Landing properties weren't the only ones left out. Downtown Partners exempted 25 nonprofits, lowering the overall property-owners count to 349 and the needed majority to 175. The state law clearly exempts nonprofit property owners from having to pay a CID assessment but is less clear on whether they can be excluded from the total number of property owners needed to define what constitutes a majority. "It does seem like they were picking and choosing which nonprofits were on their side," says attorney Paul Henry, who helped prepare one of the lawsuits. "If you were a nonprofit and were interested in the CID, you will be included as petitioner. But if you weren't, you were excluded completely. By doing this, they were increasing the number of potential voters but they were also ensuring they were only getting a 'yes' vote. It was getting them closer every time."

By the spring of '99, the petition-gathering apparently wasn't looking good for the Partnership. And the arm-twisting began.

"I wasn't really in favor of the CID," says J. Peter Dolan, who owns property at 400 Locust St. "But I made a deal with Kim Kimbrough that if he could get the St. Louis Community Foundation to lease my building, I would sign." Dolan did sign and the foundation did move into his building. Kimbrough, who moved in February to take a job in Portland, Ore., did not return numerous calls.


The state law doesn't leave a CID sponsor to police itself regarding petitions -- it relies on the local government to check and certify the petitions. If the Downtown Partnership bent any rules along the way, it was because the city wasn't a good referee.

Kimbrough submitted the petitions for certification on April 29, 1999, to City Registrar Rita Krapf. In a letter enclosed with the petitions, he stressed "a level of urgency." The Downtown Partnership wanted to make sure the CID assessment would be included on tax bills sent out that year, and it still had to get the Board of Aldermen to approve an ordinance.

"We were trying to get it done before the deadline, but we were working on it when we could in addition to our regular duties," says Krapf. Asked about the lessees signing for owners -- as in Pohrer's case -- Krapf says her office simply checked to make sure the signatures matched the owner of record. "But honestly," she says, "we didn't hold a magnifying glass as to who signed. We trusted Downtown Partners to do that." Deputy Assessor Leo Hamm agrees. "To the best of my recollection, that responsibility to verify the signer would fall on Downtown Partners, who notarized the signatures," he says.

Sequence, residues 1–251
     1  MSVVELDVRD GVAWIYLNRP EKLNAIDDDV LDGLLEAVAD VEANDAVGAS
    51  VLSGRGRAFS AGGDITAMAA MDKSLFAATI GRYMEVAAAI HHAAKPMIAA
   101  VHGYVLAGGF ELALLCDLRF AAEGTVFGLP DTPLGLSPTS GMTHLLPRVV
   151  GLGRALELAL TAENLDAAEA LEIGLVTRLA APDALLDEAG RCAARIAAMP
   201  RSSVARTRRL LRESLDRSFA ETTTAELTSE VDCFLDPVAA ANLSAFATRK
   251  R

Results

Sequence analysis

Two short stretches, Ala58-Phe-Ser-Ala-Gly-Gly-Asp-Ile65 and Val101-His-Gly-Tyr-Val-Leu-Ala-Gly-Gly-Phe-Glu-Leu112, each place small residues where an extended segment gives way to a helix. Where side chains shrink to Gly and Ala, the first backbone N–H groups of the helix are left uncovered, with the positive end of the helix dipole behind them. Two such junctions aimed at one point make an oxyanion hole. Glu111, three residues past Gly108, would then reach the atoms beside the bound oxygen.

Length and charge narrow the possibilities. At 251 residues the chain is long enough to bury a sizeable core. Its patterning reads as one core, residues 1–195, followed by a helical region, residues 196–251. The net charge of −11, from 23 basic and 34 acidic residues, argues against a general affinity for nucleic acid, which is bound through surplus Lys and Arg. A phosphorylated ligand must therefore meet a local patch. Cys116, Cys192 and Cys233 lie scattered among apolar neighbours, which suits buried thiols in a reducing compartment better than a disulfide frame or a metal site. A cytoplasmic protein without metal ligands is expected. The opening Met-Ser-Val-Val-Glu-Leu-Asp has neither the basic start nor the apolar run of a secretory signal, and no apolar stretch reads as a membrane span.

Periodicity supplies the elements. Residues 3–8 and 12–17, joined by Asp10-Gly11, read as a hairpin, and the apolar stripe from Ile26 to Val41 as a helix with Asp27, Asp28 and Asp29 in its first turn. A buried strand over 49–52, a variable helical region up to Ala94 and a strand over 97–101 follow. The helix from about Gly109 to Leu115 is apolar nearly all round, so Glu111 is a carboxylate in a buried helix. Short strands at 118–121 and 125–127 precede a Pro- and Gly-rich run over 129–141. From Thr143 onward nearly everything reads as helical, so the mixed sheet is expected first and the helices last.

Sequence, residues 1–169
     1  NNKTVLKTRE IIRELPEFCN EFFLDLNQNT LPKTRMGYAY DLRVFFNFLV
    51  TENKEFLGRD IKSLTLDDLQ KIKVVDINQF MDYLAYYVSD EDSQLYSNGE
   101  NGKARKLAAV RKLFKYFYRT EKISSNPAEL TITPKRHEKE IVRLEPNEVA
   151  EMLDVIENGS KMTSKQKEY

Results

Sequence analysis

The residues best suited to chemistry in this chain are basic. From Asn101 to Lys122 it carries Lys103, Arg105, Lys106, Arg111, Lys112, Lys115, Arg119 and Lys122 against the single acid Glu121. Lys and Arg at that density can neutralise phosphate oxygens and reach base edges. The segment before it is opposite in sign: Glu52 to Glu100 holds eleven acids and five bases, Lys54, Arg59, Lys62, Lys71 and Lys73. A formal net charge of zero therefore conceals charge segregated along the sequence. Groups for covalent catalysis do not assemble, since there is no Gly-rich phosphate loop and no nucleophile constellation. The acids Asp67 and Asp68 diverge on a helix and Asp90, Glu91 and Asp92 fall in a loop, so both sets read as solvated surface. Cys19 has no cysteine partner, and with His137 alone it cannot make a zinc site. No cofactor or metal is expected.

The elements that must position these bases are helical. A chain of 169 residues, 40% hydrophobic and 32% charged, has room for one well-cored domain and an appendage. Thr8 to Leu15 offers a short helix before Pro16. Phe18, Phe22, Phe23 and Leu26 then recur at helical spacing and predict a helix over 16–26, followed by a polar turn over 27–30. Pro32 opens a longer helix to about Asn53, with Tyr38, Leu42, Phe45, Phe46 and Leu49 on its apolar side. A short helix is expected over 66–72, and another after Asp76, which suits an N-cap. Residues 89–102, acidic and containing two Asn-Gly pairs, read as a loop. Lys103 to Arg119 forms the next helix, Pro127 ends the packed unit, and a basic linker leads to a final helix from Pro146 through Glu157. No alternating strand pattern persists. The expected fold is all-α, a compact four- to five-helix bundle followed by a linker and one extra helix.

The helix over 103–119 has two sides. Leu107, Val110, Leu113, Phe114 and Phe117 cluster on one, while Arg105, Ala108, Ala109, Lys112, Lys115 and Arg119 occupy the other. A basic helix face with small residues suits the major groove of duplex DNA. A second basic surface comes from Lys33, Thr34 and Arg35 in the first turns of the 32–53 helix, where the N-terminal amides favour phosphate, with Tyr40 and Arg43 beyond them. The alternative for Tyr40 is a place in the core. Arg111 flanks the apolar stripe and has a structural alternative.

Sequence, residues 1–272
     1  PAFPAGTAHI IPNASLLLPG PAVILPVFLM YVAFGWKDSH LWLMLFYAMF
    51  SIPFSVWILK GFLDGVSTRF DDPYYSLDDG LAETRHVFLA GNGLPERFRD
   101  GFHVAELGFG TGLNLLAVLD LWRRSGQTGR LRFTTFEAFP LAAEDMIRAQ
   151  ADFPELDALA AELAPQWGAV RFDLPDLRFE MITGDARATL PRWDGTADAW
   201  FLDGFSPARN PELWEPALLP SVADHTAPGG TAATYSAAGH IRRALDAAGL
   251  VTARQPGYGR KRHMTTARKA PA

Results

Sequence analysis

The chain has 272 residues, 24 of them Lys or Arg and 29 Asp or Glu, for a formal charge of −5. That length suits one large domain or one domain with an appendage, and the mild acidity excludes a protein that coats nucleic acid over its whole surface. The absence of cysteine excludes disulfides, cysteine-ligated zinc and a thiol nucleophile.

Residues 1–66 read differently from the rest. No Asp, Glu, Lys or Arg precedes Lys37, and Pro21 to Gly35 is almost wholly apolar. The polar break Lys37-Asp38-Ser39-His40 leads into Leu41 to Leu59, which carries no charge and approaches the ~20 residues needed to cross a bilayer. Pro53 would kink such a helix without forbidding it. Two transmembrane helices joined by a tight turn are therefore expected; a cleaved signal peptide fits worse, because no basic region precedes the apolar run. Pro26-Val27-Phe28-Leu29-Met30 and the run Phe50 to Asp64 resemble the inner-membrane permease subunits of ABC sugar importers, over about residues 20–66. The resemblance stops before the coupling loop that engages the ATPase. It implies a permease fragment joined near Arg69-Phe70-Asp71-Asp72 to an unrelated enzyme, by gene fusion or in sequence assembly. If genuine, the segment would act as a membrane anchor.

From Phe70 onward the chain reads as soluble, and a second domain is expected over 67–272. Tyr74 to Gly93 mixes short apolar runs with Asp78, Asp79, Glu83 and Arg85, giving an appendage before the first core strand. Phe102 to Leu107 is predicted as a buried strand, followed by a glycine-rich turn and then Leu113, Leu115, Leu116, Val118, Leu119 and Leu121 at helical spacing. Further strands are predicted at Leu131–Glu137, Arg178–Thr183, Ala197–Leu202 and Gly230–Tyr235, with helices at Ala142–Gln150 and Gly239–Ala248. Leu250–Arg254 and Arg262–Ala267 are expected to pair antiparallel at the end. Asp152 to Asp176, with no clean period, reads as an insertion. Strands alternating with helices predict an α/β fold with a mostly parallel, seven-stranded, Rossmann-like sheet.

Krapf says the time-consuming task was complicated by the fact that nobody had done it before. There were numerous questions, especially on how to count multiple ownerships like trusts and partnerships. The city turned to Arnold, who at the time was chairman of the Downtown Partnership board, for advice.

"It is amazing to me that no one challenged this," says Finney's attorney, Neil Bruntrager. "Clearly [Arnold's] interests were in creating the district. This was not a detached opinion."

Arnold bristles at the notion that he had a conflict. "I didn't advise the city," he says tersely. "My opinion was directed to the Partnership. I wrote an opinion addressed to the Partnership, and a member of the city counselor's office asked for a copy."

In his written opinion, Arnold says multiple owners of one parcel of property can only be counted once. But he adds that there is no statutory definition on how "votes of owners of multiple parcels of property will be counted." Nor does the law provide any guidance on how "multiple parcels owned by separate entities with a common ownership" are to be counted. In his opinion, Arnold wrote, "each entity should be treated as a separate owner and considered separately for the petition." This was the opinion that allowed Pohrer to sign seven times, as well as other owners of multiple properties.

Besides relying on Arnold's opinion, the city also let him fix problems with the petitions.

On May 12, almost two weeks after the petitions were turned in, Arnold signed out petitions that were flagged as questionable by Krapf's office. On May 26, Kimbrough returned the same petitions to Krapf with a letter; in it, he wrote that "questions of clarification raised by your office" have been "satisfied and resolved."

Downtown Partners continued to submit petitions to Krapf throughout the certification process. On June 25, Krapf filed the petitions with the Board of Aldermen, stating in a letter that "the petition and signature forms were reviewed by me and by personnel from the offices of the Assessor, Collector of Revenue and City Counselor. Based on my review and on the information and advice provided to me by those offices, I hereby report the petition substantially complies with the requirement of the act."

Arnold won't comment on any petition-gathering questions because of the lawsuit.


Opponents of the CID were shocked when they heard a majority of property owners had signed petitions. "They had been scrambling to get signatures for months and suddenly they had a majority," says Finney. "It didn't make sense. None of us really believed it."

Even before the CID was established by the aldermen in late July, property owners began questioning the city on how the Downtown Partnership arrived at a majority. On July 7, Mark Finney's brother, Daniel, an attorney, faxed a letter to Eugene Hanses of the city counselor's office on behalf of his brother, requesting "any and all pertinent information" concerning the CID, including "copies of the original signatures and verification information."